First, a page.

The Gateway on the Central Oregon Coast, Fort Umpqua and the Umpqua Sub Indian Agency

The southern and central Coast of Oregon is a relatively unknown area in Native American history. As the area is not well researched it is generally assumed to have been vacated during the Indian removals of 1856. However, federal records show us that this is not the case at all. That there were tribes and bands living on the central coast, even below the southern border of the Coast Reservation, and there was quite a lot of traffic of Native groups moving up and down the coast as they were either forced into the reservation and its encampments, or tried to escape the enforced poverty, starvation, and oppression of the reservation.

In 1856, tribes from the Table Rock, Umpqua and other temporary reservations in the Willamette Valley and along the Columbia were removed to the Grand Ronde Indian reservation, and to habitable parts of the Coast Reservation. The Grand Ronde Reservation was conceived of, in the beginning, as being another encampment of the executive order Coast Reservation (1855), much like the encampments along the Coast at Salmon River (Nechesne River), Siletz estuary, Yachats, Yaquina, Alsea, Siuslaw, and at the Umpqua River. Those encampments on the southern section of the Coast Reservation, by and large held signatory tribes of the Coast Treaty, and many of the encampments were hastily chosen camps where the tribes could wait until the day when their Coast Treaty was ratified.

The Coast Treaty, however, was never ratified by Congress. The lack of ratification of this treaty intensified the burgeoning Indian Affairs problems in Western Oregon. In 1856, Joel Palmer was forced to remove the tribes from conflict areas to separate the combatants and end wars, and eliminate future conflicts. Many of these tribes, their removals and foods, services, and pay for Indian agents was fully paid for by their treaties, what became the seven ratified treaties of western Oregon. Agencies like Grand Ronde and later Siletz were able to hire doctors, teachers, and farmers to help develop the reservations, as well as purchase food and supplies, and provide housing. Many of these benefits and services took a while to implement because Congress was slow to approve funding, and supply routes from the east coast were always subject to be lost at sea, causing the early years to be extremely difficult for the tribes.

The population of Tribes  that fell under the Coast Treaty, did not have a ratified treaty, and their removal and upkeep were not funded at all, except through appropriations from some of the ratified treaty annuities, and the will of Congress to do the right thing and allocate money even without a treaty. In fact, none of the tribes along Oregon’s Coast had a ratified treaty and so their removal, resettlement, and food, clothing, housing, and services were not guaranteed in any way.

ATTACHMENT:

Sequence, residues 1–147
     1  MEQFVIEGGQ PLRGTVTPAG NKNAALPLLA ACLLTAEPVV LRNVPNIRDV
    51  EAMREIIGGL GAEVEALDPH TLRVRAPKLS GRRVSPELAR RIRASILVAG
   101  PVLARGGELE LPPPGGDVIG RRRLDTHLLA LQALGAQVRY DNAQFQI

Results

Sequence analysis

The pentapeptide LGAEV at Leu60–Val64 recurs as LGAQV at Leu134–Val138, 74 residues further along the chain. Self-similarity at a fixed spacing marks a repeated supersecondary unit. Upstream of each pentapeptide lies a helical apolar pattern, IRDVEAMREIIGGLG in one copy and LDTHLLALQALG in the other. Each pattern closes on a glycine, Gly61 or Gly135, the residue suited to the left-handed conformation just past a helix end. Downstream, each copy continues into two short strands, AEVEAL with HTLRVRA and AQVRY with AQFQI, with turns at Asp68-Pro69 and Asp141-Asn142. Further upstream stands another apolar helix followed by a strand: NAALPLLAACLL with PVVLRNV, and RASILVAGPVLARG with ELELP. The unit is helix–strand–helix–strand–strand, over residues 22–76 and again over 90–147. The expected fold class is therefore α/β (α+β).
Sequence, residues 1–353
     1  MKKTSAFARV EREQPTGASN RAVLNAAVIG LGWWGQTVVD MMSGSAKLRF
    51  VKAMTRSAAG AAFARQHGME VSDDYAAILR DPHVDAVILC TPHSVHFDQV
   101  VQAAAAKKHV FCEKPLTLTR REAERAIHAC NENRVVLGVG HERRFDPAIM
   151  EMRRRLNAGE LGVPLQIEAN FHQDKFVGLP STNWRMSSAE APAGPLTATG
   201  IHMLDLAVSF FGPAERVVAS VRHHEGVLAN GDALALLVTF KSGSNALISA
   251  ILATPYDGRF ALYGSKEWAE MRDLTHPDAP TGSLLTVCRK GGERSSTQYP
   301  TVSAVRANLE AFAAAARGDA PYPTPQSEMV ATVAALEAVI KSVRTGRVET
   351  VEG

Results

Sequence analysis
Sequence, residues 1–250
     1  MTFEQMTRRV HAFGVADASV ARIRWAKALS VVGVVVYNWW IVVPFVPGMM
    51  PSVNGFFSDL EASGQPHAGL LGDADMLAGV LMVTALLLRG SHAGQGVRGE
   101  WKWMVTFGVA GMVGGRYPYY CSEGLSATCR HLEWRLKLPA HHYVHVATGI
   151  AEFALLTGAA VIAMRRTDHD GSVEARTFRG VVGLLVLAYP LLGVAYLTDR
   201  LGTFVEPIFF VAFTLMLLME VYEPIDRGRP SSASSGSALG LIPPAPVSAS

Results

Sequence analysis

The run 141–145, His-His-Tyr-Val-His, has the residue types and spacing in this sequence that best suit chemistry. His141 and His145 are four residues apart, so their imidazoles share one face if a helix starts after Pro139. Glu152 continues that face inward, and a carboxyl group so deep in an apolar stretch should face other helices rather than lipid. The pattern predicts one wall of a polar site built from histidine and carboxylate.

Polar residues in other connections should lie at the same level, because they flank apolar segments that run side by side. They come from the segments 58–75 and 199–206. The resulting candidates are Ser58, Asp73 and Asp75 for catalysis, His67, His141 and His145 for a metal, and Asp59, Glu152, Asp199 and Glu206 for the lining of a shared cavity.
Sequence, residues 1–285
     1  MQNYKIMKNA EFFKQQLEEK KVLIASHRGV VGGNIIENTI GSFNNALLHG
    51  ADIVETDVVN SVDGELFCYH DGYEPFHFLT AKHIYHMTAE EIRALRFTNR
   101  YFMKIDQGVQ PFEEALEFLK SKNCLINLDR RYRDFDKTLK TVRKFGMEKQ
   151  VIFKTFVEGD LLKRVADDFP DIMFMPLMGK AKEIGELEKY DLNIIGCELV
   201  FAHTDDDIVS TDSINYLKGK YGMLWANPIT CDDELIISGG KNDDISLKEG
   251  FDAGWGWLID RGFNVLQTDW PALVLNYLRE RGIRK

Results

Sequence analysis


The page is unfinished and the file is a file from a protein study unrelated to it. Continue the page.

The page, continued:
Expecting the Coast Treaty to be ratified, in 1856, the signatory Coast tribes had “willingly”- or unwillingly- been convinced to remove from their lands and move onto reservations and to encampments in river estuaries. Congress did take a bit of time to ratify some treaties, for example, the Molala Treaty of 1855, was not ratified until 1859. But some of the tribes, like the Rogue Rivers, and Coquilles, had been through the treaty process before. In 1851, Anson Dart had had treaties signed with three tribes at Port Orford, treaties that were never ratified. For the coastal tribes, there was not a lot of trust for the Federal Government, and its paper agreements.

Yet, these tribes still signed the next treaty and agreed to move. Perhaps they wanted a safer environment for their people and so were willing to take the chance and move, because if they remained they were sure to have many of their people die in continued attacks on their settlements from the volunteers. Or perhaps it was the sterling reputation and character of Indian Superintendent Joel Palmer who made promises in person to the tribes, that they would be cared for, have plenty of food, and the chiefs would have houses built for them and special stipends. Its more likely the former, it was simply a need to survive the onslaught of the Americans, who were in the midst of their fever for gold, land and riches, and the tribes and their previous “rights” stood in the way of the assumed rights of every American to practice their version of “manifest destiny.” Yes, this is more likely what the tribes faced, and so they chose to move to a safer place so that their families would have a chance at the next generation. Many tribes had nearly gone extinct already, and if the tribes remained, extinction by genocide was assured.

At the Umpqua Reservation on the coast, Sub-Indian Agent E. P. Drew took charge of tribes from the Alsea to the Umpqua, and the Coos People brought from encampments in Coos Bay, and waited for orders from a succession of Oregon Indian Superintendents, for the removal of individual tribes north to an encampment on the Coast Reservation proper. At the same time, because Fort Umpqua was located in 1856 in the same location at the Umpqua Estuary, the nascent Umpqua City (an investment by Amos Rogers), a detachment of the 3rd Artillery company could help manage and secure this gateway at the southern end of the Coast Reservation.